So next up the company starts leaning on its guys to cut corners, take shortcuts, do things that aren’t wise, safe, or particuarly legal. The senior, experienced technicians won’t stand for that as THEY are LEGALLY responsible for such shennanigans, and will at first resist, then quit as THEY are also in high demand and not cheap. So now you’ve lost two tiers of your most knolwedgeable people that you can’t replace because your business is failing and you can’t afford guys comporable to what you lost, so now you drop down to your less experienced guys and guys right out of tech school. They may be eager and some may, in time, get good, but they don’t have experience and CAN be cowed by management into making unsafe decisions or simply installing things improperly due to lack of understanding…like putting a pressure relief valve in a steam-jacketed kettle backwards, to borrow your example. So fuses get bypassed, safeties get tied down, pipes are not inspected and allowed to corrode, boilers are welded illegally by people not trained properly to do so, wiring is done shoddily or improperly or with too light a gauge wire and the safeties bypassed…it gets real ugly real fast. Odds are you can’t get lower tier guys in the numbers you want in this economy either, so now your line people who always wanted to try something step up and start bypassihg safeties so they can get right in there with their hands and start trying to compensate for worn machinery with their bare hands, aggrivated by the fact that the experienced line leads (ALSO in high demand) have probably quit at this point too, and middle management is in fear for their jobs and turn a blind eye to anything that “works”…it’s quite dangerous and quite ugly at this point, and there’s more than likely no one who’s even aware of a terrible situation that is about to detonate their world.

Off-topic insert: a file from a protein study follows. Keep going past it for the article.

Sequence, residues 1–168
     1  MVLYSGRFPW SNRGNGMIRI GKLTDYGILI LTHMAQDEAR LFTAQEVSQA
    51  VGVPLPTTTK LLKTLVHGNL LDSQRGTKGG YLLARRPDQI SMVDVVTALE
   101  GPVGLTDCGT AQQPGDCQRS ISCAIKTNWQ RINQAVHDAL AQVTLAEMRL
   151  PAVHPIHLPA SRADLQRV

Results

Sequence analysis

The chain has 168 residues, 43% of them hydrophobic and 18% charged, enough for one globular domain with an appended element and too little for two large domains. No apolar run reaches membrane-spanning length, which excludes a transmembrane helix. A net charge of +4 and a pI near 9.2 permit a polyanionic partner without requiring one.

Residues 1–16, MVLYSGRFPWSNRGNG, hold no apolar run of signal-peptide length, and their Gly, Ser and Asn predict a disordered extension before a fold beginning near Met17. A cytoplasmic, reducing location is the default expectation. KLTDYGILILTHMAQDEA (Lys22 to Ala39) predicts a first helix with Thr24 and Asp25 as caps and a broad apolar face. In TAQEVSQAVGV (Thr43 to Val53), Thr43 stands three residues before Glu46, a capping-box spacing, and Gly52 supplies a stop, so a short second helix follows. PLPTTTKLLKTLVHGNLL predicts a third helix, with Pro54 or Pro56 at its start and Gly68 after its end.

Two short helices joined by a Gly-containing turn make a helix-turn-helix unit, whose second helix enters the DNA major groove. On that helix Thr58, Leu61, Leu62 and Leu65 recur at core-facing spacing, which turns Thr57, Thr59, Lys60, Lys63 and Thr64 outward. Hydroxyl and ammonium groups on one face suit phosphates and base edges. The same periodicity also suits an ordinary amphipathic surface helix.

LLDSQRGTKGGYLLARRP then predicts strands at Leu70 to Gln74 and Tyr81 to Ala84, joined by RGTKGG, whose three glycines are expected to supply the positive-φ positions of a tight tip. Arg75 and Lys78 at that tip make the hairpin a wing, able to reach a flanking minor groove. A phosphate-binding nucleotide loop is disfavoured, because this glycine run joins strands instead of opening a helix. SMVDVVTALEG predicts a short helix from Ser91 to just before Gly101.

There’s a lot of examples, here’s one that took down an NC chicken plant, killed 25 people, and injured another 50+, all from really bad operational decisions.

    …Unfortunately, there’s a TON of these if you look, it’s really kind of depressing how common it can be.

    I saw this in practice once in a plant that had been shuttered for numerous Federal regulation violations and a squabble between family. The details aren’t important and I don’t know that much because I didn’t work there, but we went to pick up a spiral freezer on the cheap from them because they damn sure weren’t going to use it any more. Long story short we cut the freezer loose and the truck was late, so we had time to wander around in this ghost of a food plant. You could see where it dies by degrees by the dates on things that the USDA inspectors had red-tagged for violations, until they eventually lost the ablity to legally sell anything they made at all. Some of it was pretty revolting, like the freezer that had been turned off with tons of pork in it that did what pork does when left out in the summer, and some was clearly because of death throes to keep running. Being techs we naturally looked in their parts room and found nothing but garbage, and examined some of their equipment where we found interesting things like ammonia freezer pumps that had their fuses replaced with welded pieces of metal in all three phases so there was no fuse protection to these high-voltage devices at all. We kind of quit looking when we got to the bathroom with weeks-old unflushed loads and personal property still in the lockers, because it became pretty apparent that none of the rest of the equipment was servicable or even could be made so.

    We had to gut that freezer and replace all the moving parts, BTW. Everything in it had been run to failure.

    …This is how factories die.

    And, unfortunately, this is how the people IN them die sometimes as well.